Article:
The Zebra’s Stripes

April 1, 2008

The Task Force On The Funding Of The Health System (The Task Force) released its final report in February titled “Getting Our Money’s Worth,” in which it concludes that if the Quebec public healthcare system is to avoid going broke in the near future it must move toward privatization. This is significant for two reasons: 1) Claude Castonguay, Quebec’s former health minister, the father of the modern Canadian healthcare industry, is The Task Force’s chairman and, 2) Canada’s socialized medical industry is mostly based on the Quebec model.

The Task Force On The Funding Of The Health System (The Task Force) released its final report in February titled “Getting Our Money’s Worth,” in which it concludes that if the Quebec public healthcare system is to avoid going broke in the near future it must move toward privatization. This is significant for two reasons: 1) Claude Castonguay, Quebec’s former health minister, the father of the modern Canadian healthcare industry, is The Task Force’s chairman and, 2) Canada’s socialized medical industry is mostly based on the Quebec model.

According to Castonguay’s report, Quebec’s $60 billion healthcare budget is being overwhelmed because doctor office visits are free to citizens. American economists have long predicted that nationalizing the U.S. healthcare system would result in increased cost (in the form of taxes) and limited services (in the form of rationing), eventually leading to a collapse similar to that now underway in Canada. The Task Force has called for a $25 per visit fee to discourage over-utilization of doctors’ services, which, along with an increased sales tax, would go into a health-stability fund to pay for a proposed 3.9 percent cap on healthcare spending that is expected to result in a shortfall.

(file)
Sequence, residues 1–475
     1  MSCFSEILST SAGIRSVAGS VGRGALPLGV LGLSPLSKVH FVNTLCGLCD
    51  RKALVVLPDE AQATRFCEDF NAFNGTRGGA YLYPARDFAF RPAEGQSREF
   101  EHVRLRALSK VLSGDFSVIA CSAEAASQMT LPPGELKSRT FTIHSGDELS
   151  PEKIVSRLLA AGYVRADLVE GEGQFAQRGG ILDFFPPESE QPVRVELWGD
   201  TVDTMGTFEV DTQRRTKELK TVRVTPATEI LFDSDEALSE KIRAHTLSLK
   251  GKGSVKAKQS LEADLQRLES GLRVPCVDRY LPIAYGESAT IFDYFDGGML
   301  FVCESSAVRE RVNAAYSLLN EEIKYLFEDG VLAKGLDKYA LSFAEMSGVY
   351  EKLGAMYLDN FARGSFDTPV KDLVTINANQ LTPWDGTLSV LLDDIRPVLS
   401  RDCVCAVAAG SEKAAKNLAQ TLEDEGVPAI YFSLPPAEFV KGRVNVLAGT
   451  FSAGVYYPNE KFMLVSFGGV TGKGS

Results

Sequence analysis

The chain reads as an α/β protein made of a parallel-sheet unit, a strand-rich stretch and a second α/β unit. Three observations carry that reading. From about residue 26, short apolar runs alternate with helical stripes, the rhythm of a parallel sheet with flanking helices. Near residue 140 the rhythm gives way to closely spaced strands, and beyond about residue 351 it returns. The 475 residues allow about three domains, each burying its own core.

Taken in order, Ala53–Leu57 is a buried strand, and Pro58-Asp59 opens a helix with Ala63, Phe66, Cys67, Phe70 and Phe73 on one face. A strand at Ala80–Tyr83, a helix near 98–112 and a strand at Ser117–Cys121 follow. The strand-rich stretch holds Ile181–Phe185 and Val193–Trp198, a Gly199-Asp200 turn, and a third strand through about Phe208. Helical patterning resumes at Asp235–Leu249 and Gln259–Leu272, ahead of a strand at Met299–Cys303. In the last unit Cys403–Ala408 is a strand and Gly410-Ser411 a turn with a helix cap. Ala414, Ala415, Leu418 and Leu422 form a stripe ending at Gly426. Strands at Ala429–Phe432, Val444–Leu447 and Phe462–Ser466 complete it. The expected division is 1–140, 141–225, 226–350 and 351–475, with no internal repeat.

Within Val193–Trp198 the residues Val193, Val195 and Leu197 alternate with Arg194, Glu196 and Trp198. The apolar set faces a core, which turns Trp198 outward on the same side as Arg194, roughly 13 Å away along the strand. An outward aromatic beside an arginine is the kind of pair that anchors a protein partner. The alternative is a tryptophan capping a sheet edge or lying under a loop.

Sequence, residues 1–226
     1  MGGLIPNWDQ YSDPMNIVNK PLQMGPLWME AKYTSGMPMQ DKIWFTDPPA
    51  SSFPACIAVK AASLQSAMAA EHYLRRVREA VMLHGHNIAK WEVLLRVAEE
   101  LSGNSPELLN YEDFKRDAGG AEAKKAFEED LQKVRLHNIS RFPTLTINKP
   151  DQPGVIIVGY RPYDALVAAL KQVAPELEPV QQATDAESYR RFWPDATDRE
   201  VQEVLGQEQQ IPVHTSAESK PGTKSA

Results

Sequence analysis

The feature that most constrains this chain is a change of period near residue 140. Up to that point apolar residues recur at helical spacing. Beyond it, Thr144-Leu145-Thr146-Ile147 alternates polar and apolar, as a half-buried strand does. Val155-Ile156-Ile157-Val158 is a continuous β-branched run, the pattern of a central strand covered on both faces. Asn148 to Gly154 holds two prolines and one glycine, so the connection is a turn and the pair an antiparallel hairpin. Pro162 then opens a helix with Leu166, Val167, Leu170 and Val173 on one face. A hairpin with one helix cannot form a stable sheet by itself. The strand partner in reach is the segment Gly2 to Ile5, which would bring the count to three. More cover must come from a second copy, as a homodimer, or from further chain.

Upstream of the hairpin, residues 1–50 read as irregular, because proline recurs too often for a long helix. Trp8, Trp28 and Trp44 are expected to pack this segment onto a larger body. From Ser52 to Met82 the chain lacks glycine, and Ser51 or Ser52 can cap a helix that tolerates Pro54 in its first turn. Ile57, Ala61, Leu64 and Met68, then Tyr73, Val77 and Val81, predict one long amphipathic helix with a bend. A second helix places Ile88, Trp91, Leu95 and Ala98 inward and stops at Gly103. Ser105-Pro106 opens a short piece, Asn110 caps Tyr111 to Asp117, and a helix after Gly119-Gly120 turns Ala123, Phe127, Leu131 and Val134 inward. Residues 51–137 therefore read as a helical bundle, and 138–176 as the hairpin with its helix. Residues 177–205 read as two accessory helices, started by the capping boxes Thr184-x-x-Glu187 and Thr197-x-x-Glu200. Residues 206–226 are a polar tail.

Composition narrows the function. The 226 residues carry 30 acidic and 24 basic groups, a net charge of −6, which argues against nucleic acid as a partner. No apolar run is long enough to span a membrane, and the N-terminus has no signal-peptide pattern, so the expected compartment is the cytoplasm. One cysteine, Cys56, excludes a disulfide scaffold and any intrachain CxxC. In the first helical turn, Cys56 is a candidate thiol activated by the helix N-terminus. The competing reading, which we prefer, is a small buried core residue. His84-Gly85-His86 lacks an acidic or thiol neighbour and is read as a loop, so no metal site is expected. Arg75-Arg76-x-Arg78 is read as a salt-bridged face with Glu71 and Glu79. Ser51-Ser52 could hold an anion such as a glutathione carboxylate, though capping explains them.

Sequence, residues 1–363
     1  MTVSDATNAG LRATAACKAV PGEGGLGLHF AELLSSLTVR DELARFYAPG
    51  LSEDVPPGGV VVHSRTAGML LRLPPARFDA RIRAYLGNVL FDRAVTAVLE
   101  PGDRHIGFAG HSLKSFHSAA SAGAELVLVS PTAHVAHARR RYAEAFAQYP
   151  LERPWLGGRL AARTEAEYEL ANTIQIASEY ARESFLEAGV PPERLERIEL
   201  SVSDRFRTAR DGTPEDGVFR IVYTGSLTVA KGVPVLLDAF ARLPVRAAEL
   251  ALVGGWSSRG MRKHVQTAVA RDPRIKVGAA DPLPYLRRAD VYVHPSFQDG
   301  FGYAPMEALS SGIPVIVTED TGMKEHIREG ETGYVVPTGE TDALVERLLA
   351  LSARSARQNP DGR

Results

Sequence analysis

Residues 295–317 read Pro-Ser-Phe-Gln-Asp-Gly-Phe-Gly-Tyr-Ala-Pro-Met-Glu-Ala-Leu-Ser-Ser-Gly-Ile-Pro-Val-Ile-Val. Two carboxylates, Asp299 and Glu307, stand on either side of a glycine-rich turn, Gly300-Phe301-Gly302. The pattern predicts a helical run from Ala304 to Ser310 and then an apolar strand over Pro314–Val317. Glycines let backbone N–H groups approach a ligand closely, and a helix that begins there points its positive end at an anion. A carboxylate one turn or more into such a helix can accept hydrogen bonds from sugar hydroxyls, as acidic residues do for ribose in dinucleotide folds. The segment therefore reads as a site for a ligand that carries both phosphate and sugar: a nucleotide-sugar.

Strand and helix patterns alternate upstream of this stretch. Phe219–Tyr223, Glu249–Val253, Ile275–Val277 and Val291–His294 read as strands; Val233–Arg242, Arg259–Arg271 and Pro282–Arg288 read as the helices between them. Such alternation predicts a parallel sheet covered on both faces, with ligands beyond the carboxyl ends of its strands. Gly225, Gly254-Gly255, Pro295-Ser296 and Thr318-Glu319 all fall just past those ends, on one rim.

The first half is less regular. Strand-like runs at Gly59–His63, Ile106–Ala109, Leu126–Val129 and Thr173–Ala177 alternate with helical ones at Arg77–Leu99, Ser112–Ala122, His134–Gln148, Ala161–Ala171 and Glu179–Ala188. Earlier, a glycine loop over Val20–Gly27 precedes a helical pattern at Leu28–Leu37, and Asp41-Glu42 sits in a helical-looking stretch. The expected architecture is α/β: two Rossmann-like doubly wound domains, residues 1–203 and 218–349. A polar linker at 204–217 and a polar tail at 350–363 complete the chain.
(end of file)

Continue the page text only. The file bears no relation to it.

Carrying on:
The report also suggests increasing privatization in hospital management, insurance and pharmaceutical systems and recommends, “that priority be given to the deployment of the electronic patient file in every health institution and clinic.” I think they’re stealing our ideas.

So, as America’s political machine grinds us ever closer to national healthcare, our neighbors to the north speed skate in the opposite direction to survive the collapse of their system. Are there lessons to be learned? Definitely.

On another note, many organizations advocate measuring caregivers’ performance as the necessary first step toward lowering the cost of healthcare. However, pay-for-performance (P4P) strategies are dependent on IT adoption and it seems likely that many physicians are holding back investing in IT until there’s a standard information exchange protocol, which is delaying the entire healthcare consumerism movement. HHS and Medicare can push transparency, P4P and EHRs all they want, but so long as physicians practices refuse to adopt IT, it’s doubtful the movement will take hold industrywide. For them, it’d be like purchasing the choo-choo on the promise that tracks will be laid on Tuesday.

My own doctor’s office is a large multi-physician practice connected with one of the nation’s most technologically advanced hospital systems, and it does not have a patient portal. They say, that when the investment makes sound business sense they’ll have one.

The cart should always follow the horse. Consumers will readily start using technology that empowers their healthcare decision making once physicians adopt it, and physicians will adopt it once it’s affordable, standardized and enables them to improve patient care without putting them out of business.

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